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Two Down, Two to go in Chrysler Negotiations?

The Canadian Auto Workers union ratifies a new contract. UAW also reaches tentative deal, subject to member approval.

by on Apr.26, 2009


Bondholders, whose jobs are not at stake, are stopping Chrysler's restructuring.

At the same time as the Canadian Auto Workers union was announcing the overwhelming ratification of a new contract by 87% of its members with Chrysler LLC on Sunday evening, the United Auto Workers union in the U.S. issued a statement saying it, too, had reached a tentative deal with Chrysler that satisfied the U.S. Auto Task Force requirements to make labor costs competitive.

Chrysler has thus reached agreements with both of its unions to modify its contracts to meet the viability tests imposed by North American federal and regional  governments for the continuation of bridge loans to ensure liquidity as the Great Recession marches on.

The UAW deal is pending,  until its membership votes positively on the new four-year contract. Ratification is expected to come by Wednesday. It is also expected that the UAW will become a significant shareholder of 20% or more of the new company in return for giving up at least half of the $10.9 billion in cash payments due to it for the  financing of member health care benefits, due to be administered next year by a Voluntary Employee Beneficiary Association, which was established in its 2007 contract with Chrysler.

The VEBA allowed Chrysler and its venture capital owners to remove health care liabilities from its weak balance sheet and transfer the risk to the UAW. By accepting virtually worthless Chrysler stock now,  instead of cash, the union is in effect becoming  a bigger proponent of free-market capitalism and risk taking than Chrysler bondholders, who want the government to socialize their risk on failed investments and make them whole.

While the latest developments are encouraging for people with sweat equity in the ailing automaker, as opposed to speculators in paper instruments who espouse free market ideology while in fact benefiting from “socialism for the rich” when their investments flounder and they turn to the government for relief,  Chrysler still needs restructuring agreements with Fiat, for an alliance, and secured debtholders, aka the socialists, for drastic cuts in the amounts it previously borrowed.

The agreements are due before this Thursday, May 1, in order to meet the terms for continued taxpayer assistance imposed by President Obama’s Auto Task Force back in February. The administration has said that lacking agreements in all areas, Chrysler will be  placed into receivership. With the stipulated agreements in place, it is prepared to advance Chrysler another $6 billion in taxpayer financed loans. A previous, similar bridge loan agreement between taxpayers with Chrysler under Lee Iacocca resulted in taxpayers making money.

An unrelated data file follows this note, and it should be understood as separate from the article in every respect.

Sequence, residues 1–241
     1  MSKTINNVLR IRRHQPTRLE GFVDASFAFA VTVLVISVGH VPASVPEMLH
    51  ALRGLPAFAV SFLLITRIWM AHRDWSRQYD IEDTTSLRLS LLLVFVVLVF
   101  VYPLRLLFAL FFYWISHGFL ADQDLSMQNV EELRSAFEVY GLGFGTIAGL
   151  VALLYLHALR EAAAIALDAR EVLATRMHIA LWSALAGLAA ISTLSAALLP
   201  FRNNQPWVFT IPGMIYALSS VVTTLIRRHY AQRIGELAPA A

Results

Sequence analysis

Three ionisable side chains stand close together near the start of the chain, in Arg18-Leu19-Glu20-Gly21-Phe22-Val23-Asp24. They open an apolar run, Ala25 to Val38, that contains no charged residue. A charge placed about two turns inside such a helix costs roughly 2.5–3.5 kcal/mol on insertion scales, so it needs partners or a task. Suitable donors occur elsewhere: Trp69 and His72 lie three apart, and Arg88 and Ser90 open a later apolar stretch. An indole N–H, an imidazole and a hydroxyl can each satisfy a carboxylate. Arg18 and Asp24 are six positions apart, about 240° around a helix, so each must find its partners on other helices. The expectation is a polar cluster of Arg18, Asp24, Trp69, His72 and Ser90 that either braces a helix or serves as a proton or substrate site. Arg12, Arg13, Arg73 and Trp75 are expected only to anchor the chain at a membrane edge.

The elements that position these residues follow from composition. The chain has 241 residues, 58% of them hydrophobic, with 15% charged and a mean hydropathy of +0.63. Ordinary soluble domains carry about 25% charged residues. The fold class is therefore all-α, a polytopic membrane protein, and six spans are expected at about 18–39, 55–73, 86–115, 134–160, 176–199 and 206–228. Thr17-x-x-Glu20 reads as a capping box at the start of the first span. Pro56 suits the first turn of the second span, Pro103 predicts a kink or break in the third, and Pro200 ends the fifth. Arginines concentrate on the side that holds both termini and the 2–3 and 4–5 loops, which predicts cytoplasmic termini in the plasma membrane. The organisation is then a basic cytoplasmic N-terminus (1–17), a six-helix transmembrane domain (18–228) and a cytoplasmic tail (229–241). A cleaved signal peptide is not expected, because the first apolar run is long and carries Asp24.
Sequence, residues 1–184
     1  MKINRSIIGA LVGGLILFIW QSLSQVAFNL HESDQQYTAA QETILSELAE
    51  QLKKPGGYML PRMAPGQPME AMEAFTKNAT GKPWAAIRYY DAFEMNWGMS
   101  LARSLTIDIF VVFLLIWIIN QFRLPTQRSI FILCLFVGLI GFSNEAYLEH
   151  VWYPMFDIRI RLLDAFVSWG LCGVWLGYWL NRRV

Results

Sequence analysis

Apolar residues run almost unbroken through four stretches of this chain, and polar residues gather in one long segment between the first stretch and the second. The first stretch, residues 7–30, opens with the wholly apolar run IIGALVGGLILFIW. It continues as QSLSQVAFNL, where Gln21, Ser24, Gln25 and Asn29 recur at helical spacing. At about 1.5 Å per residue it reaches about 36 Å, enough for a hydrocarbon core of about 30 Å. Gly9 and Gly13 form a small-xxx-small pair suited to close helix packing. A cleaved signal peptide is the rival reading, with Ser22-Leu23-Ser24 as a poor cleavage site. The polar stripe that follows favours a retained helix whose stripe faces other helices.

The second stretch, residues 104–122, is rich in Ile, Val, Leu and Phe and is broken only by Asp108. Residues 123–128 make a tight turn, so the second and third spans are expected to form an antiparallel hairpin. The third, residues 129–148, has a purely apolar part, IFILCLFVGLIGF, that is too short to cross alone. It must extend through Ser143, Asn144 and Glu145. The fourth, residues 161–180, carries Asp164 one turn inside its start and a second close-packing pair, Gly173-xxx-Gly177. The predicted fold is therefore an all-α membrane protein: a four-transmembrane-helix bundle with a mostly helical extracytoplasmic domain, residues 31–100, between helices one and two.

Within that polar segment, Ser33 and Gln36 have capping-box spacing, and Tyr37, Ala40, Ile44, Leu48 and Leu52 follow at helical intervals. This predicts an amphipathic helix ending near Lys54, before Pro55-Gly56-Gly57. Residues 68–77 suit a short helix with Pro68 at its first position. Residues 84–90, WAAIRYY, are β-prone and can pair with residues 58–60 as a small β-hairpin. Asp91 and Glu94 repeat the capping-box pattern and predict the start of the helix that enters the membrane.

This risk/reward concept applied to Chrysler, and GM, is apparently beyond the grasp of the U.S. Treasury Department when it deals with Wall Street, as it advances billions upon billions of taxpayer money to banks and hedge funds to cover their losses and assume their liabilities at 100% of value of financial instruments that should be trading at pennies on the dollar. No possible upside for taxpayers exists in these cases.

In a separate but related development, General Motors has scheduled a 9 am EDT press conference tomorrow, where it is expected that further plant closings, brand and dealer eliminations, and employee firings will be outlined. GM is facing a later, June 1, deadline than Chrysler, from the U.S. Treasury Department to complete its restructuring.

Al Iacobelli, Chief Bargainer and Vice President – Employee Relations of Chrysler said: “We are pleased that the men and women of the CAW have voted to ratify this contract. We know that these are unprecedented times within the automotive industry and we have the utmost respect for the Canadian represented employees.”

The UAW said in a statement: that it had agreed to tentative modifications to its 2007 labor agreement that satisfied both the U.S. treasury and Fiat. No details were released.

“We recognize this has been a long ordeal for active and retired auto workers, and a time of great uncertainty,” said UAW President Ron Gettelfinger. “The patience, resolve and determination of UAW members in these difficult times is extraordinary, and has made it possible for us to reach the agreement we will present to our membership.”

An agreement between Chrysler and Fiat appears imminent, but is still pending since it awaits concessions from the last key constituency, bondholders.

“The provisional agreement provides the framework needed to ensure manufacturing competitiveness and helps to meet the guidelines set forth by the U. S. Treasury Department. As a result, Chrysler LLC can continue to pursue a partnership with Fiat SpA,” Chrysler said in a statement.

So the holdout will be Chrysler’s secured debt holders, who are still balking at trading almost $7 billion in loans for equity in a reorganized Chrysler, whose future survival is by no means assured. The debtholders have no incentive to settle early, and it is unknown what steps the Obama administration will now take to force closure before its self-imposed imposed deadline later this week.

Chrysler’s key creditors have offered to cut Chrysler’s debt to $3.75 billion from $6.9 billion in return for 40% equity in the re-organized company. The creditors also have dropped a request for $1 billion in preferred stock, as well as the request that Fiat put money into the deal, according to a person familiar with the matter. The bargaining goes on.

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